Foley, S. F., Gronenborn, D., Andreae, M. O., Kadereit, J. W., Esper, J., Scholz, D., Pöschl, U., Jacob, D. E., Schöne, B. R., Schreg, R., Vött, A., Jordan, D., Lelieveld, J., Weller, C. G., Alt, K. W., Gaudzinski-Windheuser, S., Bruhn, K., Tost, H., Sirocko, F., & Crutzen, P. J. (2013). The Palaeoanthropocene – The beginnings of anthropogenic environmental change. Anthropocene, 3, 83-88. DOI: 10.1016/j.ancene.2013.11.002

Pievani, T. (2014). The sixth mass extinction: Anthropocene and the human impact on biodiversity. Anthropocene – Natural and Man-made Alterations of the Earth, 25, (1), 85-93. DOI: 10.1007/s12210-013-0258-9

Sodikoff, G. M. (2012). The anthropology of extinction: essays on culture and species death (Title not in italics). Genese Marie Sodikoff, (Ed.). Bloomington: Indiana University Press

Rybicki, J., Hanski, I., & Enquist, B. (2013). Species-area relationships and extinctions caused by habitat loss and fragmentation. Ecology Letters, 16 (Supplements 1), 27-38. DOI: 10.1111/ele.12065

Suggested Reading from Inquiries Journal

In today's globalized world, international cooperation and information sharing becomes increasingly important. This paper examines the criteria provided in the United State's Endangered Species Act, the European Union's Habitat Directive, and the International Union for Conservation of Nature's Red List. The interplay between these... MORE»
Advertisement
Overcoming the threats of the snow leopard with immediate action may be what will save this species from extinction. This report provides a brief overview both of the challenges faced by the snow leopard and the roles local people have taken in the decline and subsequent recovery of this apex predator. Panthera uncia... MORE»
The terrestrial Mojave Shoulderband Snail (Helminthoglypta (Coyote) greggi) is being considered for status and protection as an endangered species under the Endangered Species Act due to the recent construction... MORE»
MacGillivray Freeman Films was founded over forty years ago by Greg MacGillivray and the late Jim Freeman. In 2011, the company launched “the world’s largest ocean media campaign, a 10-year global initiative called One World One Ocean” (MacGillivray Freeman Films, 2010, Our History, para. 10), an awareness and... MORE»
Submit to Inquiries Journal, Get a Decision in 10-Days

Inquiries Journal provides undergraduate and graduate students around the world a platform for the wide dissemination of academic work over a range of core disciplines.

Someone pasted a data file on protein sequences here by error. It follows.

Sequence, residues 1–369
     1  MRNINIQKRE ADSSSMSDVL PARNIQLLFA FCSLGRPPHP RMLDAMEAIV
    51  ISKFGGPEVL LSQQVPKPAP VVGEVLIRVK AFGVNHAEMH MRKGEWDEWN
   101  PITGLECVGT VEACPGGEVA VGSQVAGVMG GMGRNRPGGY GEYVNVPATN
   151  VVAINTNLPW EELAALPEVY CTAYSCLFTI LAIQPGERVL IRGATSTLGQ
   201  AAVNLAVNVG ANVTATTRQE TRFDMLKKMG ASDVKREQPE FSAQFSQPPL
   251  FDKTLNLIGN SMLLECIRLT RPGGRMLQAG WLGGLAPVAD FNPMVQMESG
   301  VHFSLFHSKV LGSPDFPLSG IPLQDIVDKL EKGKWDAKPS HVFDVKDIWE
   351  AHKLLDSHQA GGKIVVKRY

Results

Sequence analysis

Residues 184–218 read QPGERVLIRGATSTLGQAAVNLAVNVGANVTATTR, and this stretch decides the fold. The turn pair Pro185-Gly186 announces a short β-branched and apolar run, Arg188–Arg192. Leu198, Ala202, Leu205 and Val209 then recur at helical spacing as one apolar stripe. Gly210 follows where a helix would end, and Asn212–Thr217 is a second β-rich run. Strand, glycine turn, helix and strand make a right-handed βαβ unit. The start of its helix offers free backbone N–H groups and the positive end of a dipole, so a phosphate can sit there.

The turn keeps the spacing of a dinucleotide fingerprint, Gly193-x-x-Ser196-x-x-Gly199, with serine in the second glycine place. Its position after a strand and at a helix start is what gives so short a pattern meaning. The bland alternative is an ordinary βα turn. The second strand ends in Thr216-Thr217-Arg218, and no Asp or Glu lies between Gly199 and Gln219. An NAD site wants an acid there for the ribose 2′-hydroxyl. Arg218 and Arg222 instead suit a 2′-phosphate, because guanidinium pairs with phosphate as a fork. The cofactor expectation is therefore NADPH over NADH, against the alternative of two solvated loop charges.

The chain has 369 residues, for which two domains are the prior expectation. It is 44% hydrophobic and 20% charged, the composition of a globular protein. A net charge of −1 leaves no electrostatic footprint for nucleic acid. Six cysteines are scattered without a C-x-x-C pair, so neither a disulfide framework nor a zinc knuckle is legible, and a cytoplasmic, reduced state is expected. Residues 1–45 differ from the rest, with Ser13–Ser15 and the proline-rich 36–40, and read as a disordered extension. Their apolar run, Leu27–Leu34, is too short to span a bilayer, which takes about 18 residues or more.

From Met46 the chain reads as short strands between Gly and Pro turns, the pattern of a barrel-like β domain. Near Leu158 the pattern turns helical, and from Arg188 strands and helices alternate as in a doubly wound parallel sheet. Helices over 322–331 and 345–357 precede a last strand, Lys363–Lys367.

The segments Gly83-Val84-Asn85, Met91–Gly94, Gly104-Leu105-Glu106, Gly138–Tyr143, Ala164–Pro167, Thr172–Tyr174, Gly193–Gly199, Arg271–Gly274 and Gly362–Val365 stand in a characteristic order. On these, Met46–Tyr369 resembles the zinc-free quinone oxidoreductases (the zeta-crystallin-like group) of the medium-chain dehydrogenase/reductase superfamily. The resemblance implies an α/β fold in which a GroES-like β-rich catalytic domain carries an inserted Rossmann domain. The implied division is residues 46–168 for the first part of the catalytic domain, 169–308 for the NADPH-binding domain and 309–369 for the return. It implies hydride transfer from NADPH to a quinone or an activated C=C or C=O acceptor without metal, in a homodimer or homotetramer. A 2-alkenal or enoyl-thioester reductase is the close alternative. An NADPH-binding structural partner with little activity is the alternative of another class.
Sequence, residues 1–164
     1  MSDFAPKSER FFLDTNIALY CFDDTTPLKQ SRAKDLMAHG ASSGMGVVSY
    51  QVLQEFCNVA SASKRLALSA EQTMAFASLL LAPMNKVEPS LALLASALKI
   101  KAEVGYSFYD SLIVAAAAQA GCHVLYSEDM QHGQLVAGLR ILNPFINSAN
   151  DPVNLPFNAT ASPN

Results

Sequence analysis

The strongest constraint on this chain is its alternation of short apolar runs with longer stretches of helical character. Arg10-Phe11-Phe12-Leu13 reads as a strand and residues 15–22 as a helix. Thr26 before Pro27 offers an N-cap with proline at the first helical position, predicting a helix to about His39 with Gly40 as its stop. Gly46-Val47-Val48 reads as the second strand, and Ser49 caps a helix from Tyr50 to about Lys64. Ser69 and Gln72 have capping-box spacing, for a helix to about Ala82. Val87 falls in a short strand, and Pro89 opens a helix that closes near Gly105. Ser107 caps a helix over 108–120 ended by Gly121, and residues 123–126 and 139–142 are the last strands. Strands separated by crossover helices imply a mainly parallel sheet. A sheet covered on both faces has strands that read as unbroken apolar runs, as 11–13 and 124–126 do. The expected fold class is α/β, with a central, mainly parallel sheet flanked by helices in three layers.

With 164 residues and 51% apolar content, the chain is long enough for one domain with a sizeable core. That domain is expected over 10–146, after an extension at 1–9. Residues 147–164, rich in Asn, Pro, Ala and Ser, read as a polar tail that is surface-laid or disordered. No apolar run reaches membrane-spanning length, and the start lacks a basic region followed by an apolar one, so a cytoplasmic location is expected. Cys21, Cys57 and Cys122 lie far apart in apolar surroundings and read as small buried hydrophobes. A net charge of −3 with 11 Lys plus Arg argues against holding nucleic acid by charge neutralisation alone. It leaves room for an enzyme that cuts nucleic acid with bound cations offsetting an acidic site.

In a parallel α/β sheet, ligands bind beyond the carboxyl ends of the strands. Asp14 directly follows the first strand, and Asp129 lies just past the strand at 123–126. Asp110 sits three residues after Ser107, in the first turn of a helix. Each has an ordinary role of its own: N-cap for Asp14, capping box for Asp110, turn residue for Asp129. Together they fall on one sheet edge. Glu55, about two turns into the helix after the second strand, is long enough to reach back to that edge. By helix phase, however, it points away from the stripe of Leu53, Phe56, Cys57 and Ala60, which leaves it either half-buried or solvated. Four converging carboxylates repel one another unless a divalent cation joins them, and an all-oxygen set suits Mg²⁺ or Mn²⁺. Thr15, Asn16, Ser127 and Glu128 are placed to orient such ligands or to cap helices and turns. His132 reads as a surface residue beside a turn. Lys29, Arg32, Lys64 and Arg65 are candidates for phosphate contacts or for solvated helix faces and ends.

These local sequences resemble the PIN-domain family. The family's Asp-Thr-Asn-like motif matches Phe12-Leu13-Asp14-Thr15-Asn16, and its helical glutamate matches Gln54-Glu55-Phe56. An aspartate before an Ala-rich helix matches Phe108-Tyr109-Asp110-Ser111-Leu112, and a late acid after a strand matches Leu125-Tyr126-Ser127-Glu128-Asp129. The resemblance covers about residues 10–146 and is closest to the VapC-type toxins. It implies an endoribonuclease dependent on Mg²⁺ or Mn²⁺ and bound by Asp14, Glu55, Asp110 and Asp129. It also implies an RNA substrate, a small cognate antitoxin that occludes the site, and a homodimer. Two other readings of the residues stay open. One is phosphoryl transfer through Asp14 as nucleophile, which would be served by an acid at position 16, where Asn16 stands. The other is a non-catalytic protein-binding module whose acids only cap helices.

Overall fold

Representing the work of students from hundreds of institutions around the globe, Inquiries Journal's large database of academic articles is completely free. Learn more | Blog | Submit

Follow SP

Latest in Environmental Studies

2017, Vol. 9 No. 05
Is it possible to objectively define the Anthropocene? This essay argues that whether or not it is precisely definable as a geological epoch, its true value, as a concept grounded in futurity, lies within the social realm. The origins of the term... Read Article »
2013, Vol. 3 No. 1
Published by Clocks and Clouds
Postmaterialist values, those that emphasize higher-order human needs, have become widely accepted as the determining force behind environmentalism in the West. Little research has been dedicated to studying the importance of these values outside... Read Article »
2017, Vol. 9 No. 03
In Gallup’s 2016 environment poll, 64 percent of U.S. adults are now worried a “great deal” or “fair amount” about global warming, with a record 65 percent attributing warming primarily to human activities (1). These... Read Article »
2016, Vol. 6 No. 1
Despite all the information we have regarding climate change and the potential perils of continuing on our path of consumption, people are slow to make the necessary changes. Our tendency to live habitually and the dampening effect continuous negative... Read Article »
2016, Vol. 6 No. 1
Whenever a decision is made in a social, political, or economic context, it is implicitly grounded in an ethical outlook. But where do these outlooks come from? To investigate this query, I examine the basis for ethical decisions regarding technology... Read Article »
2016, Vol. 6 No. 1
In today's globalized world, international cooperation and information sharing becomes increasingly important. This paper examines the criteria provided in the United State's Endangered Species Act, the European Union's Habitat Directive, and the... Read Article »
2016, Vol. 6 No. 1
Climate change and the myriad of challenges that come with it are a reality the entire world must face. However, for Canadian province, Alberta, the stakes are especially high. Oil and gas mining made up 18.3% of Alberta's GDP in 2015 and therefore... Read Article »

What are you looking for?

FROM OUR BLOG

"Should I Go to Graduate School?"
How to Read for Grad School
Finding Balance in Graduate School